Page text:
Friday, April 9, 2010

The Seed Cathedral

This is Thomas Heatherwick’s Seed Cathedral, commissioned by the British government for the 2010 Shanghai World Expo. It is made of 60,000 fiber optic rods that illuminate the inner chamber. At the end of each of these luminous wands is sealed a seed from the Millennium Seed Bank.

It's absolutely beautiful, but I also find it ominous. The recent concentration on the importance of seed banks seems like we are suddenly aware of nature's mortality. Apparently, we now feel that apocalyptic war or genetic tampering, or environmental catastrophe, of these will eventually wipe us and all of natural life off the planet.

It is hard not to imagine the Seed Cathedral standing in a barren, post-apocalyptic wasteland as a monument to the earth that was. I picture it as a utilitarian Stonehenge sparkling like a jewel, waiting for whatever life adapts to take our place long after we are gone.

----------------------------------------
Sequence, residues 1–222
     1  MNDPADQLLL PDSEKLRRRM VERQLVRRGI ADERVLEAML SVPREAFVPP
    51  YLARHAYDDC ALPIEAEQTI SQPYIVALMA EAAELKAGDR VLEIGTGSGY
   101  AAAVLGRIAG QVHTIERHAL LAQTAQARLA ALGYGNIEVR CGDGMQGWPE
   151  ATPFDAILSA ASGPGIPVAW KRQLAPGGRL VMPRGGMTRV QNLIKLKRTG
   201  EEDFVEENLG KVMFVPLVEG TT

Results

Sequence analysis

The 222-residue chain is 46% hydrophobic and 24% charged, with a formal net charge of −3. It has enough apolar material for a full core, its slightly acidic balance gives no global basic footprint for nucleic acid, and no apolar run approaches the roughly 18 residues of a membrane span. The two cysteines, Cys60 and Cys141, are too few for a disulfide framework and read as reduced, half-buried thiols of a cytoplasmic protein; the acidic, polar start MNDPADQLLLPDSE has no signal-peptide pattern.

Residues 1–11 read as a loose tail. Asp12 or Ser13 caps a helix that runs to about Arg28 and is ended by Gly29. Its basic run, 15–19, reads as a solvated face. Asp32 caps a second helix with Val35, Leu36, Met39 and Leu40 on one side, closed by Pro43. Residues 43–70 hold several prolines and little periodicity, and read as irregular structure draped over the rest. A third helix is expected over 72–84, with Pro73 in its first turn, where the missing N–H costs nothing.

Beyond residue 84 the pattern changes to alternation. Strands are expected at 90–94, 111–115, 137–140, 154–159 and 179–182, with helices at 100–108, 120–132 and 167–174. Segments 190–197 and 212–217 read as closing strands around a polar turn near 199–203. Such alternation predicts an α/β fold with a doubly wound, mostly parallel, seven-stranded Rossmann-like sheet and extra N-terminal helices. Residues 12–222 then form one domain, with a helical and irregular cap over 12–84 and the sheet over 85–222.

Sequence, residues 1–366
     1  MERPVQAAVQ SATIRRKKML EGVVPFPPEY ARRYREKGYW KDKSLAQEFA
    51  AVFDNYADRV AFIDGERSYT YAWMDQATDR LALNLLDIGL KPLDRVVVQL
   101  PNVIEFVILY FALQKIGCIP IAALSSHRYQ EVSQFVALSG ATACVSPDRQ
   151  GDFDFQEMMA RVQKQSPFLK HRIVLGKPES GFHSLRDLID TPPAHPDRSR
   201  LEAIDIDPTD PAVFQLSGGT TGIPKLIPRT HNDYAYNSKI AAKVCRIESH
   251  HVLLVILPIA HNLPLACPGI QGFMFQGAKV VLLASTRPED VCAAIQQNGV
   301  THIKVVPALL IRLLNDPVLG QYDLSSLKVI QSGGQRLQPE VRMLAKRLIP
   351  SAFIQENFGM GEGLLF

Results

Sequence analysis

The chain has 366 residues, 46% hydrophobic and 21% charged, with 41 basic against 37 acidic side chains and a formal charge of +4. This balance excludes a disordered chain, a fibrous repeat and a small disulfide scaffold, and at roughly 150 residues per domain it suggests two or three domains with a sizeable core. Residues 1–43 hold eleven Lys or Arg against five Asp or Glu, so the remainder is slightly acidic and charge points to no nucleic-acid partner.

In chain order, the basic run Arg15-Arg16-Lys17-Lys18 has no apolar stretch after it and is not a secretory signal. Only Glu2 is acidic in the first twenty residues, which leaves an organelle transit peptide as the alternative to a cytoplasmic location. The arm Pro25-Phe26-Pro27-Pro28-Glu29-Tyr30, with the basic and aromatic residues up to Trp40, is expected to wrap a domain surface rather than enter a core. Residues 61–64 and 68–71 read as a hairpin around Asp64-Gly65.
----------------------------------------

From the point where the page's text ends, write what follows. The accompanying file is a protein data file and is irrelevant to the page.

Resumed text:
Are we squirrels storing our nuts for the coming nuclear winter?

1 comment:

  1. Hi Richard,

    I agree - it's beautiful, but what I find really disturbing is that these world expo pavilions (so many of whom focus on sustainability) participate by constructing massive and expensive buildings for a temporary event. All of these efforts seem immensely shallow when one considers the UK pavilion cost over 30 million pounds and China is spending over 4 billion dollars for this 6 month event. Some of the countries report their buildings will be re-built and re-used, but for 30 million pounds? Is this really the best way for the world to share ideas and use resources?

    The whole idea of these kinds of boastful and wasteful expos seems so out-of-date and inappropriate. P.S. my final group project for school is to work on the "legacy" of the UK pavilion for the British Council. Should be interesting.